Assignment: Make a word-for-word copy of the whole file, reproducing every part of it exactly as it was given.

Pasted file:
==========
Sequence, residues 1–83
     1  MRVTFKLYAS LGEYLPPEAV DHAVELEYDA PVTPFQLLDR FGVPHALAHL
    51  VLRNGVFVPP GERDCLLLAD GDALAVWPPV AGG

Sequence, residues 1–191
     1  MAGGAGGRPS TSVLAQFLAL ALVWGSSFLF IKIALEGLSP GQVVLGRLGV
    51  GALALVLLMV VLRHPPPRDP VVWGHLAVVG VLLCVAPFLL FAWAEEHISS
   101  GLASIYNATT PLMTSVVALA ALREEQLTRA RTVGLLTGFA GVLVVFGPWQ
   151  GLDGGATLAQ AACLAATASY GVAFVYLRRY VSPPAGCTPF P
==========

Sequence, residues 1–83
     1  MRVTFKLYAS LGEYLPPEAV DHAVELEYDA PVTPFQLLDR FGVPHALAHL
    51  VLRNGVFVPP GERDCLLLAD GDALAVWPPV AGG

Sequence, residues 1–191
     1  MAGGAGGRPS TSVLAQFLAL ALVWGSSFLF IKIALEGLSP GQVVLGRLGV
    51  GALALVLLMV VLRHPPPRDP VVWGHLAVVG VLLCVAPFLL FAWAEEHISS
   101  GLASIYNATT PLMTSVVALA ALREEQLTRA RTVGLLTGFA GVLVVFGPWQ
   151  GLDGGATLAQ AACLAATASY GVAFVYLRRY VSPPAGCTPF P